4. Passing GO

  • Passing Go and collecting $200 is like working and collecting a salary. Ideally, you make enough to meet your needs and maybe enough to save some. In MONOPOLY you can’t live on your salary alone and you have to put the money you take in at risk. Unless you pull the go-to jail card, collecting your GO salary should be part of your strategy.

5. The Rule of Opportunity

  • The big idea here is unless you have a positive, purposeful, affirmative reason to say NO, say Yes to every opportunity that presents itself. In MONOPOLY you need a very good reason not to buy an unowned property you land on. The rules state that if you don’t choose to purchase an unowned property you land on, the Banker is supposed to sell it at auction. Many people don’t follow this rule, but you should as it makes the game much more dynamic.

6. Facing Reality and Paying Your Debts

  • The key point is not to learn to avoid risk but to accept risk as necessary to success. Having accepted the necessity of risk the object becomes making a choice of what risks to take and how far to take them. Accepting a risk should not require abandoning fiscal responsibility. Putting all your chips on a single number is a risk, but not a wisely calculated risk. Stretching intelligently but aggressively to the edge of your means is often necessary to win. Aggressive but intelligent risk is part of living, working, doing business, and making deals. In a sense, MONOPOLY is a kind of financial flight simulator that lets you try out the lessons of value, responsibility, and prudence.

7. Mortgaging the Future

  • Your only credit option in MONOPOLY is to mortgage properties you own. Doing so you collect half their listed value from the Bank and can no longer collect rent. Ideally, you would mortgage single properties to develop a monopoly you own. Unlike real mortgages, there are no regular payments and you can un-mortgage a property any time by paying back the loan with 10% interest. Don’t do this until you have at least three houses on all of your monopolies. Mortgage single properties first followed by utilities and railroads as the latter command higher rent.

8 Vigilance

  • The key rule here is “The owner may not collect the rent if he/she fails to ask for it before the second player following throws the dice.” You have no obligation to remind someone that you have just landed on their property and you shouldn’t. Part of the success in this game is being vigilant throughout. This includes keeping track of who owns what as property deeds need to be clearly displayed in front of each player. Being vigilant for other players doesn’t help them learn vigilance.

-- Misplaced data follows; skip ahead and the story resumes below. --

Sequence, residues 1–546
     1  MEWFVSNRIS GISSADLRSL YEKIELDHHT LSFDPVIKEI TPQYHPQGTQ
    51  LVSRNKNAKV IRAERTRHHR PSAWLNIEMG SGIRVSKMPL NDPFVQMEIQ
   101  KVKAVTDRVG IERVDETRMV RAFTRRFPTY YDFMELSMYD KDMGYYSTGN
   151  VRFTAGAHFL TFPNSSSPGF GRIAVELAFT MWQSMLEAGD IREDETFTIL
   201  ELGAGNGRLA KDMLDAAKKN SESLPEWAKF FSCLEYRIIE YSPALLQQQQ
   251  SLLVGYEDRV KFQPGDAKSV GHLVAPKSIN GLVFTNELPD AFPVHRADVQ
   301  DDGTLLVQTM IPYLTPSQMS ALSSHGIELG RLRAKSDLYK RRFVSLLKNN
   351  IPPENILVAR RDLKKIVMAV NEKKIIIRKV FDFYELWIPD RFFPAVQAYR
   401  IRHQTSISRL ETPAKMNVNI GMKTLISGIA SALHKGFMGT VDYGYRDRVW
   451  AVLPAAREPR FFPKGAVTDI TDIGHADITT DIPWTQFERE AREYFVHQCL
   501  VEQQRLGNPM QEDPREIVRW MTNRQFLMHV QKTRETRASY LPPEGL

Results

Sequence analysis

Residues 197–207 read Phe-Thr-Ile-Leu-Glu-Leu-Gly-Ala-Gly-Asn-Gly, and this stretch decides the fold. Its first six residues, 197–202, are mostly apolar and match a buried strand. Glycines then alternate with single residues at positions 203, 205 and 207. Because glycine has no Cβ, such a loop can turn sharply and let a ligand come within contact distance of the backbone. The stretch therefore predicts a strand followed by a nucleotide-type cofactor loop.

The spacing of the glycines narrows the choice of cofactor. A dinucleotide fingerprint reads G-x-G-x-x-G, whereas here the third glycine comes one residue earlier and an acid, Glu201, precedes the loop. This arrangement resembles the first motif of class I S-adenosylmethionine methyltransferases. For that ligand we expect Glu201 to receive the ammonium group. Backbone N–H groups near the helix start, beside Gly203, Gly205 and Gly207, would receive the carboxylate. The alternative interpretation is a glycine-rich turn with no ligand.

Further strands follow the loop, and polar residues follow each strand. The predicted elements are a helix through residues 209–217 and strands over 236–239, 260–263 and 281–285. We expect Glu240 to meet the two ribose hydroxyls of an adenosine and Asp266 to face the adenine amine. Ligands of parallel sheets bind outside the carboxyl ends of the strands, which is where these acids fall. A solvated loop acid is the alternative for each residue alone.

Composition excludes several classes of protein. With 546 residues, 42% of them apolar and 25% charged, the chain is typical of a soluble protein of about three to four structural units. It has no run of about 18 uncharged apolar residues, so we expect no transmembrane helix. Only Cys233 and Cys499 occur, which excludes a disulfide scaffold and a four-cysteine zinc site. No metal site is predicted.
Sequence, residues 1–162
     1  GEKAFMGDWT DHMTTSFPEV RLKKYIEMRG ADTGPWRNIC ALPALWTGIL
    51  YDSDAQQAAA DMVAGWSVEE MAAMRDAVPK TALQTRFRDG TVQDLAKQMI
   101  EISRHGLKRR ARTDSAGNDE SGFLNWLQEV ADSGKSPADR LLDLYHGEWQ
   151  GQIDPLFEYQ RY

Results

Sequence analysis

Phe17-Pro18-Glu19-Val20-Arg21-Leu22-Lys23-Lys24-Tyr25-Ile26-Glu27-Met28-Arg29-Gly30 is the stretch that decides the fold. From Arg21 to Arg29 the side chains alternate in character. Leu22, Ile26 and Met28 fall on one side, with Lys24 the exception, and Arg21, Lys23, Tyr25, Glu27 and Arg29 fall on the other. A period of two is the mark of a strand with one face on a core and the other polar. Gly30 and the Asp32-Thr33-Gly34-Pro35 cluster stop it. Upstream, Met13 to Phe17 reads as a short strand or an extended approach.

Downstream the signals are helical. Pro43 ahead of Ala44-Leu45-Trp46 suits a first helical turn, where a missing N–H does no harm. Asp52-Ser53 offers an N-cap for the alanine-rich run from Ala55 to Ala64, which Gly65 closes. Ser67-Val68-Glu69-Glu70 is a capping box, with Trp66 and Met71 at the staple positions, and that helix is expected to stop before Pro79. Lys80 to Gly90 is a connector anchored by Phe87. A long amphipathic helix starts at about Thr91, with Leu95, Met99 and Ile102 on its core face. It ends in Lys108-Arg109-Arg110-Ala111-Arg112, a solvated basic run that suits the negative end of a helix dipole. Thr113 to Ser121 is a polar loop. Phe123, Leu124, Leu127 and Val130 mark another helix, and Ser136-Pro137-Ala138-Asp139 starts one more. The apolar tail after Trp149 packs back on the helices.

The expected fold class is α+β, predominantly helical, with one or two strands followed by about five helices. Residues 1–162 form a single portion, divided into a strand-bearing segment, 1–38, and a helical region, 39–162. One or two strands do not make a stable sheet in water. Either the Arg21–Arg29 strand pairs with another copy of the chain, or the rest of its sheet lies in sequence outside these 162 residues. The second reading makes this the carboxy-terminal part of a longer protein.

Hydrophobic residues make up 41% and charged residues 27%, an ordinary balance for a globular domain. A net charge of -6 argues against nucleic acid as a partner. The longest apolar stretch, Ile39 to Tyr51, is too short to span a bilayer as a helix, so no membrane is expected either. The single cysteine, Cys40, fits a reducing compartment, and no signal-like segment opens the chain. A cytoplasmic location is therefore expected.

9. The Random Walk

  • Moves around the MONOPOLY board may seem random, but they are not. Thanks to the probability of rolling different die combinations the moves are just complex. You can consult The MONOPOLY Companion by Philip Orbanes for details. Here you will find a list of the chance of landing on each type of property each trip around the board, and there is a surprising range. The fact that Jail is the most common starting place for a move is part of the reason. The key idea is that knowledge itself is useless unless it is applied.
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Free: The Future of a Radical Price – Chris Anderson

Friday, March 26th, 2010

This is a summary of Chris Anderson’s latest book. As Editor-In-Chife of Wired magazine, Chris is the guru of hipness. This book offers timely advice that can help anyone navigate the electronic world that surrounds us. If this summary grabs your interest, the details in the book offer a roadmap for survival today’s digital world.

Click here to see the summary of this book.